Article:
I’m supposed to be finishing up an article on new moms on staff, but I got another notice in the mail that resembles a sweepstakes notification.
My naturalization interview is in January so I’ll be spending my winter break prepping for two speaking gigs and studying for my civics test. I’m not going to study for the reading and writing portion of the test where I will need to read one out of three sentences and write one of three sentences to prove language proficiency. Methinks I can pass the English proficiency test despite occasionally being asked, “Where did you learn your English?” 😉
There are 100 civics questions on the naturalization test, and I will be asked up to 10 of those questions. I must answer 6 out of those 10 correctly. For once in my life it’s OK to shoot for 60% but something inside of my cringes. Surely I can get an A+. Right?
American-born Americans do not need to study any of these questions before they are American. I am not at all taking for granted the freedoms afforded me as a legal resident alien, and I am not at all taking for granted the freedom to apply for citizenship. I am not all that excited about having to take a test. And I feel a bit uneasy about pledging my allegiance to a flag…I’ll write about that one later…
Back to the test. For all of my American-born readers, do you think you could pass the test without studying since you are already “American”?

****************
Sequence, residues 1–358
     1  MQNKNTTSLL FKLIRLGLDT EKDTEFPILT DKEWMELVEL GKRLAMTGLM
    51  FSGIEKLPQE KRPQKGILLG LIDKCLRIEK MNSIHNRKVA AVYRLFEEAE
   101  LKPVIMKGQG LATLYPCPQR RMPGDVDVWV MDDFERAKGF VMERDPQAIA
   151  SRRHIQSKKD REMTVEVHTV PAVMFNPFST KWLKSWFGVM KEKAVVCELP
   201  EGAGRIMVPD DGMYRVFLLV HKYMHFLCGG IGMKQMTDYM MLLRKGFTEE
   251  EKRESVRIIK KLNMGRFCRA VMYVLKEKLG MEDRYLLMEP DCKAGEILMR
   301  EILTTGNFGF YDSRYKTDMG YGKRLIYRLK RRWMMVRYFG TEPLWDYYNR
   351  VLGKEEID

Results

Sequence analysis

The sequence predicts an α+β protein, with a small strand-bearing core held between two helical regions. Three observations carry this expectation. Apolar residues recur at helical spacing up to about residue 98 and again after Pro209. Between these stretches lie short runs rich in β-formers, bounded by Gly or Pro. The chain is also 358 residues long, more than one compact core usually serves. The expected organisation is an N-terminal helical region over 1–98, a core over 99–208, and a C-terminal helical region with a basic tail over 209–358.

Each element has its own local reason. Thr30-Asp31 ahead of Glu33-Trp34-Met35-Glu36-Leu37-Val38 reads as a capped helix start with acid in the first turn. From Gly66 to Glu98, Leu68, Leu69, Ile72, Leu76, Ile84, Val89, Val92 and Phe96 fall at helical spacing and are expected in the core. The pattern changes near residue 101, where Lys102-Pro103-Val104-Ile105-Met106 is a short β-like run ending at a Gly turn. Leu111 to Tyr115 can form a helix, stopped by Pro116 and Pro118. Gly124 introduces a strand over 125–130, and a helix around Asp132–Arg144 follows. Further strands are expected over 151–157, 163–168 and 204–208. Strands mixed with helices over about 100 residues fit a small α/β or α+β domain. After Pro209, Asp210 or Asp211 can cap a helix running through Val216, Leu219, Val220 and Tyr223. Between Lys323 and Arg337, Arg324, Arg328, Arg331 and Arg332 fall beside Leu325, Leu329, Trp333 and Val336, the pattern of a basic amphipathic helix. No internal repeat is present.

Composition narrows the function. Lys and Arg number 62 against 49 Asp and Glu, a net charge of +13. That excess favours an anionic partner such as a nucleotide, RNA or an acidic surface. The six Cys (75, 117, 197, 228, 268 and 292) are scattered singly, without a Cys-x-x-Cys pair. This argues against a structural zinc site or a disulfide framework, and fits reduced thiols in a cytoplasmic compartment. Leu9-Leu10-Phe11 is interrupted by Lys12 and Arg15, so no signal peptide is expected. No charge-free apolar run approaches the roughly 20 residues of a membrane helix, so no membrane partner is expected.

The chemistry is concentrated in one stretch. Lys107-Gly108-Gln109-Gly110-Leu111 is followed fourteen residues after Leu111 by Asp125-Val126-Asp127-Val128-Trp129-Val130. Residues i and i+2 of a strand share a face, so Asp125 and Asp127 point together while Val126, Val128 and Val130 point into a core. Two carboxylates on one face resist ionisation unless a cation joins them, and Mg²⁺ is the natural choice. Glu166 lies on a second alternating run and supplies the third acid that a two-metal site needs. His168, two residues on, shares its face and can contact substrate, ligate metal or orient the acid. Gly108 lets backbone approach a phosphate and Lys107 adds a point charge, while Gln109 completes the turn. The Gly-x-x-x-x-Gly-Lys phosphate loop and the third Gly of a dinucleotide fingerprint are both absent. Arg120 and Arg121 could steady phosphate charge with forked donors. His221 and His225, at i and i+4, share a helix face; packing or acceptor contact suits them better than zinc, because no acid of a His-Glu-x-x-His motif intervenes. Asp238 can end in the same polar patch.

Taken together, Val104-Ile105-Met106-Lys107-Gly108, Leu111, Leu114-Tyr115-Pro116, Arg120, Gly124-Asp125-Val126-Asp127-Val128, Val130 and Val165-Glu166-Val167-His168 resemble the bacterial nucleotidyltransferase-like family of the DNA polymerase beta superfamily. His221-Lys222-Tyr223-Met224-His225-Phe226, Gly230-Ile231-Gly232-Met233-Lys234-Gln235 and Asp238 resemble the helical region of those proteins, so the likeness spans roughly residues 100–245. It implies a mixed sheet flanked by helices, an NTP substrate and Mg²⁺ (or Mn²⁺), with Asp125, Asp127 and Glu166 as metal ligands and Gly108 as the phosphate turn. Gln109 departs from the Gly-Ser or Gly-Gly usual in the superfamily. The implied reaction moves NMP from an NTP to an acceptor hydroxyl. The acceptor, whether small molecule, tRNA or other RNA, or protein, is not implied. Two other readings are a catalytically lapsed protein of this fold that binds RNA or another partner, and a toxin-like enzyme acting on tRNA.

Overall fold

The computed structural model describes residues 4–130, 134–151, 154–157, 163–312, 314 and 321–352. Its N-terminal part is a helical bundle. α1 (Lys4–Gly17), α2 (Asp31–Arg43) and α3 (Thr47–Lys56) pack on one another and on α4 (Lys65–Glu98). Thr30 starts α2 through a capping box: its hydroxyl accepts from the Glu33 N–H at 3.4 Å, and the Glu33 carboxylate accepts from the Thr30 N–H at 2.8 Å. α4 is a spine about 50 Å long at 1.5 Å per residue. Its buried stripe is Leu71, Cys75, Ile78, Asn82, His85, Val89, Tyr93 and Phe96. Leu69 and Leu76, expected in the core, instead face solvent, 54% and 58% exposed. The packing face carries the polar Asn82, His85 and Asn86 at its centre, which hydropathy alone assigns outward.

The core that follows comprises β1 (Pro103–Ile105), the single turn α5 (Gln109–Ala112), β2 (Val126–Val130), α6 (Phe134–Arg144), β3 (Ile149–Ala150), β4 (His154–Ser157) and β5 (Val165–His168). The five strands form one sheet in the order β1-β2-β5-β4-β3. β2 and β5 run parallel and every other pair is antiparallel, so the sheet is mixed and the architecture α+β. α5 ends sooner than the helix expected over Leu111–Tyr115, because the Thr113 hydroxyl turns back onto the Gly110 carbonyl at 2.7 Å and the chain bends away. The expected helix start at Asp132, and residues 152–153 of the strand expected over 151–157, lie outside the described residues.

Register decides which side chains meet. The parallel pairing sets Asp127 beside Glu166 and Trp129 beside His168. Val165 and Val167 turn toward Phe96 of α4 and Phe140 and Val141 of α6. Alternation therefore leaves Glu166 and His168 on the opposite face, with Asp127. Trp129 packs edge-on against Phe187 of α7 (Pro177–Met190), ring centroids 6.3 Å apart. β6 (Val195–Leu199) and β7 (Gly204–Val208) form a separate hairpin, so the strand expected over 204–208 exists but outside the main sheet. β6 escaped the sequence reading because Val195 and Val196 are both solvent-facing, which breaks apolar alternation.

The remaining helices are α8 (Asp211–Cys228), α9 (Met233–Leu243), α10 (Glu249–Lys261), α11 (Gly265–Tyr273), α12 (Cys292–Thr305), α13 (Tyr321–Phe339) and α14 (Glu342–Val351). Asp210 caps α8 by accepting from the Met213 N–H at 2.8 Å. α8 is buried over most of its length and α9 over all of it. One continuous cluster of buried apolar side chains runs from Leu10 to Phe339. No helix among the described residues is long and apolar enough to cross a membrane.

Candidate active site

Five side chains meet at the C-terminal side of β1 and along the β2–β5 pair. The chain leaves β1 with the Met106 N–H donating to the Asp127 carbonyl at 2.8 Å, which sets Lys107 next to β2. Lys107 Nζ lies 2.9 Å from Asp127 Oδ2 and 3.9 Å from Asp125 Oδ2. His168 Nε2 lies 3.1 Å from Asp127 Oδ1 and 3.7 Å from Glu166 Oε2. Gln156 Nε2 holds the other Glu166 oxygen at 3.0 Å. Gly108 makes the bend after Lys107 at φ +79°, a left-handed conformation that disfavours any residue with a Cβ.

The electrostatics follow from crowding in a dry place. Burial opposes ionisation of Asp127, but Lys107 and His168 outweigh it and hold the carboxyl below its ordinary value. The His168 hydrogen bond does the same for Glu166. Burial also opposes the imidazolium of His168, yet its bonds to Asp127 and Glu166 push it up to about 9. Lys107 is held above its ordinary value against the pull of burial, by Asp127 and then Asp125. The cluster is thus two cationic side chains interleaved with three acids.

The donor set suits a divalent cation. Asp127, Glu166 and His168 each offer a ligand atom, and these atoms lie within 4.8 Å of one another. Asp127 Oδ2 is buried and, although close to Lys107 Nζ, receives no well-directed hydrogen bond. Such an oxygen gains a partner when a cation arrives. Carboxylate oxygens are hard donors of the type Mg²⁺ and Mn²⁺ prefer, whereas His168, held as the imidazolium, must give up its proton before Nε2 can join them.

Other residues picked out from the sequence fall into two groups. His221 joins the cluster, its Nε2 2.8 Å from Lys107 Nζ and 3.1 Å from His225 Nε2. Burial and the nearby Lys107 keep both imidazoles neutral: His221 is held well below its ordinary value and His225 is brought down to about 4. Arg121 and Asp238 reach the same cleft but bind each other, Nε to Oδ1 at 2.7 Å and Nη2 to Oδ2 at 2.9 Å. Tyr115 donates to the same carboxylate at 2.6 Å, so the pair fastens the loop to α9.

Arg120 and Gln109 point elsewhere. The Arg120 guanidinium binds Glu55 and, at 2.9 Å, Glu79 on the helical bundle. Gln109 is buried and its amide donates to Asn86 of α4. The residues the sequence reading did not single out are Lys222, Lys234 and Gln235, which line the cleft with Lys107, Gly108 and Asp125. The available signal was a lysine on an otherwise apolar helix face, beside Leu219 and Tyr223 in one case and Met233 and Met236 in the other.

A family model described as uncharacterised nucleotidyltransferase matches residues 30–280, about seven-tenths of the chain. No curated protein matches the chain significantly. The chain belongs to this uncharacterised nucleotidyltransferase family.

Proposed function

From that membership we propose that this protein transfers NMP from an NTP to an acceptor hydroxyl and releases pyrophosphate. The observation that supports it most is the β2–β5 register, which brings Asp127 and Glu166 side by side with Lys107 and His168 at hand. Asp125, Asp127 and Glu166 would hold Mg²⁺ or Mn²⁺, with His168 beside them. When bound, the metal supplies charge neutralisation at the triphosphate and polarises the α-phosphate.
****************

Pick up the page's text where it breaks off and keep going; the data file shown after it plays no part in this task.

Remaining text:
- How many amendments does the Constitution have?
- What is the “rule of law”?
- The House of Representatives has how many voting members?
- The Federalist Papers supported the passage of the U.S. Constitution. Name one of the writers.
- Who was President during World War I?
- What is one thing Benjamin Franklin is famous for?
- There are four amendments to the Constitution about who can vote. Describe one of them.
- What is one promise you make when you become a United States citizen?
- Under our Constitution, some powers belong to the federal government. What is one power of the federal government?
- How many justices currently sit on the Supreme Court?
No cheating. How did you do?
I don’t mind studying for this test. I believe it’s important to know and understand one’s history, and American history is a part of my story. After all of this I will hopefully have a piece of paper that makes it legal in a new way even if I’m certain I will still get asked, “Where are you really from?”.